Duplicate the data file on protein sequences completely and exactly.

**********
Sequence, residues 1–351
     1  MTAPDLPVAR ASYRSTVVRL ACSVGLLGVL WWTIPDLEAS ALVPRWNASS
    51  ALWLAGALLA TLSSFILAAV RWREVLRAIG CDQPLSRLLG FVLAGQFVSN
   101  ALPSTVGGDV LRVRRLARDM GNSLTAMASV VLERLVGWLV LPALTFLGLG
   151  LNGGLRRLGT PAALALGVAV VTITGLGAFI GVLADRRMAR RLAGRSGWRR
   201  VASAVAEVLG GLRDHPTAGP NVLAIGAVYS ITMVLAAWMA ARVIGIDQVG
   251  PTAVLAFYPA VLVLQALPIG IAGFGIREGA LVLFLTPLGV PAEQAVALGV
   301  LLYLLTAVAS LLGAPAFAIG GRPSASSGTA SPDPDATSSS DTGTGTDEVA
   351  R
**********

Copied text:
Sequence, residues 1–351
     1  MTAPDLPVAR ASYRSTVVRL ACSVGLLGVL WWTIPDLEAS ALVPRWNASS
    51  ALWLAGALLA TLSSFILAAV RWREVLRAIG CDQPLSRLLG FVLAGQFVSN
   101  ALPSTVGGDV LRVRRLARDM GNSLTAMASV VLERLVGWLV LPALTFLGLG
   151  LNGGLRRLGT PAALALGVAV VTITGLGAFI GVLADRRMAR RLAGRSGWRR
   201  VASAVAEVLG GLRDHPTAGP NVLAIGAVYS ITMVLAAWMA ARVIGIDQVG
   251  PTAVLAFYPA VLVLQALPIG IAGFGIREGA LVLFLTPLGV PAEQAVALGV
   301  LLYLLTAVAS LLGAPAFAIG GRPSASSGTA SPDPDATSSS DTGTGTDEVA
   351  R